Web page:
Tooth extractions are a relatively common dental procedure. Dentists extract teeth when the tooth is infected, damaged, or causing their patient pain. In the case of wisdom teeth, these are generally extracted first because they are the first teeth to get infected.
However, in most cases, the only reason a dentist would have to extract a tooth that was not a wisdom tooth is because it is damaged beyond repair. Below, we’ll take a look at tooth extraction and how it impacts your overall oral health.
When Tooth Extraction is Necessary
There are a number of things that can cause a tooth to become damaged beyond repair. As an example, direct trauma to the tooth may require extraction.
Of course, you don’t want to leave a gaping hole in your mouth for two reasons. The first reason is that it doesn’t look very good and could affect your confidence. The second reason is that the other teeth in your mouth will try to drift apart into the cavity that has no formed. This isn’t as much of an issue when your wisdom teeth are removed.
If a tooth is severely damaged or has become infected, there are options other than tooth extraction. In the case of a chipped or damaged tooth, a dentist may try a crown. For a severely infected tooth, a dentist may try a root canal to save the tooth. But in some cases, the best option will simply be to remove the tooth.
Dealing With the Loss of a Tooth
Once a tooth is extracted, the other teeth in your mouth will drift apart to try to fill the space. This is not good. It makes it easier for food particles to get stuck between your teeth, increases the rate at which gum disease advances, and places all your other teeth in danger.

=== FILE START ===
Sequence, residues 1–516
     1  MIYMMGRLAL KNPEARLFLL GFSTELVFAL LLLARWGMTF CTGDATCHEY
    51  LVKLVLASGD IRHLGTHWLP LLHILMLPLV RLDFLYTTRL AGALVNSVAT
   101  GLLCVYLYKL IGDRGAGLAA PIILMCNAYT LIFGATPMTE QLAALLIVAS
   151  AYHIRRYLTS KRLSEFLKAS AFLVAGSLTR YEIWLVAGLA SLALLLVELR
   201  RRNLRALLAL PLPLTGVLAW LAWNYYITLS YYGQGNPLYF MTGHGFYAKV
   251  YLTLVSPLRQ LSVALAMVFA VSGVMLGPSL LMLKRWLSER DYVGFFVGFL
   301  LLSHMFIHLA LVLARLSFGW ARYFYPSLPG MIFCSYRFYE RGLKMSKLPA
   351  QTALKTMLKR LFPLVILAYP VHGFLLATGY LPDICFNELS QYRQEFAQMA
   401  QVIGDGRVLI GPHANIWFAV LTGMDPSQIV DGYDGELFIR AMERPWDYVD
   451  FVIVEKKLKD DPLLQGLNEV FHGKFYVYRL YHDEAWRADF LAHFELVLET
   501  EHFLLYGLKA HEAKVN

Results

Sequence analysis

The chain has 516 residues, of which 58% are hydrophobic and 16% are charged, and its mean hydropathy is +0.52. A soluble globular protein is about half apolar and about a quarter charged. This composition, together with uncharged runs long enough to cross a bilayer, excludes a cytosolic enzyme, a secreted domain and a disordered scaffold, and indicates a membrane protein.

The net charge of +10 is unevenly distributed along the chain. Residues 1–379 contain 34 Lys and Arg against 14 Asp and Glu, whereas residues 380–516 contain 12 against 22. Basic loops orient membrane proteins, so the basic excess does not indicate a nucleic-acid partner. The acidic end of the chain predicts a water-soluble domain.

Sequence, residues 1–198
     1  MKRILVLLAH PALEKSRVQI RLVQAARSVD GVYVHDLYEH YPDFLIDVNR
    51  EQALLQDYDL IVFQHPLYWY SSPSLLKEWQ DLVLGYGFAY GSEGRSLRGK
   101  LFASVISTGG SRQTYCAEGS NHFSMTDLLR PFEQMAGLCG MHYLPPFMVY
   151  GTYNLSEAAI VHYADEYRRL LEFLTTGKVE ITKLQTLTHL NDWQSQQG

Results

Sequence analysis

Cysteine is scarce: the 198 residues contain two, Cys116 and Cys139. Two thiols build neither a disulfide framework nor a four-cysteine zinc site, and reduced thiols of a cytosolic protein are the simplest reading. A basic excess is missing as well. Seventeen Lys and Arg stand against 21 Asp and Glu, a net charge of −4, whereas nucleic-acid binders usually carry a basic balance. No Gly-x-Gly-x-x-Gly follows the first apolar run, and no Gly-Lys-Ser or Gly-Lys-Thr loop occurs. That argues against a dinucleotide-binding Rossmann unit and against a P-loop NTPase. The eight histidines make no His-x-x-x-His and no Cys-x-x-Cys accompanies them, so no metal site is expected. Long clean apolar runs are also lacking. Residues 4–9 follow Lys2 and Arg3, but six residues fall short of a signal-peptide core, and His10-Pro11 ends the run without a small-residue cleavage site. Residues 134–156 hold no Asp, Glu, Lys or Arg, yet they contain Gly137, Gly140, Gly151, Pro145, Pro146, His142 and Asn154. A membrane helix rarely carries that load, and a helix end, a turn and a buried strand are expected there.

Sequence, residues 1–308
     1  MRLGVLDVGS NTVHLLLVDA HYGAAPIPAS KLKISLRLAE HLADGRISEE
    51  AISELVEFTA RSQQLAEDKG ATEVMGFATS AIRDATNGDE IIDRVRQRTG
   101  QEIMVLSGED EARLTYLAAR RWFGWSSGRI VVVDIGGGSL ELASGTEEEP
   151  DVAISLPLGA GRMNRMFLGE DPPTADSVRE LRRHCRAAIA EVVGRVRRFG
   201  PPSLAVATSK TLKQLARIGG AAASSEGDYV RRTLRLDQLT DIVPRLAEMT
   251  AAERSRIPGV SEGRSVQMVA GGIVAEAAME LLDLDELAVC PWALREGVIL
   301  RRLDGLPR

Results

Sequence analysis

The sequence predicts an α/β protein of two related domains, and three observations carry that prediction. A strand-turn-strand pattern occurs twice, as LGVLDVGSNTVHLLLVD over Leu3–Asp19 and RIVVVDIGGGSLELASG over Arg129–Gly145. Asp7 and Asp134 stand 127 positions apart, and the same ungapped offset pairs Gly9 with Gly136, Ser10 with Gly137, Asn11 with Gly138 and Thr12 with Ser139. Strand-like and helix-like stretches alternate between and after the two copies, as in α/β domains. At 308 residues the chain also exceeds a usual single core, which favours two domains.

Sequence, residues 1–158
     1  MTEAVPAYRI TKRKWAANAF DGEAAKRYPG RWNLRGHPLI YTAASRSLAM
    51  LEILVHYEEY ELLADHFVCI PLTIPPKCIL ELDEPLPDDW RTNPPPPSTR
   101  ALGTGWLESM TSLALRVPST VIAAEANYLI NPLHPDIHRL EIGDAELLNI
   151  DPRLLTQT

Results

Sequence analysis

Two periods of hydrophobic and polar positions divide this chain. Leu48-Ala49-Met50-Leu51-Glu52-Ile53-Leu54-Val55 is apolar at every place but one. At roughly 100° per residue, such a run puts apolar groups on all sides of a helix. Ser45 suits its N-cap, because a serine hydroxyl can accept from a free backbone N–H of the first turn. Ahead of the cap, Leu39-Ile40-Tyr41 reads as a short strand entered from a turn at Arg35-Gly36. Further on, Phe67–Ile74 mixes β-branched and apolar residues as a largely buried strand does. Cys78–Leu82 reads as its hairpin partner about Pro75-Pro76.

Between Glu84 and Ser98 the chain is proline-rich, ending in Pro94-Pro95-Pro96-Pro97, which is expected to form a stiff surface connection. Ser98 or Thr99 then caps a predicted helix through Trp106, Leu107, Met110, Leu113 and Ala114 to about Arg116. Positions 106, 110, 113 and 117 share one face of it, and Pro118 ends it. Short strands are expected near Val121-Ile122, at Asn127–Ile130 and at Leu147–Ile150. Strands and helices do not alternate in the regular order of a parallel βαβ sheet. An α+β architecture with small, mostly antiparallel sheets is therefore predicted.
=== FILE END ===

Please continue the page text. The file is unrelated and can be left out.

To prevent this from happening, a tooth replacement is used to prevent the teeth from drifting apart.
Types of Tooth Extractions
There are two types of tooth extractions. Simple extractions can be performed at your dentist’s office. We number the area of your face where we will be working and then use brute force to push the tooth out. This is known as a simple extraction.
In some cases, such as when the tooth is impacted, you will need an oral surgeon to remove the tooth. This is called surgical extraction and requires more poking around in your mouth.
Complications of Tooth Extraction
Generally, the only complication of tooth extraction is something called dry socket. After the extraction, a blood clot will form in the extraction area. There are a number of things, such as negative pressure, that can dislodge the clot resulting in a painful condition known as dry socket. This is why dentists tell you not to drink through straws or smoke while you’re healing. The negative pressure generated by sucking can cause the clot to dislodge.
Talk to a Dentist About Tooth Extraction in Cottonwood, AZ
If you’re interested in a tooth extraction or any other dental procedure, call Peak Family Dental Care today to learn more about how we can help.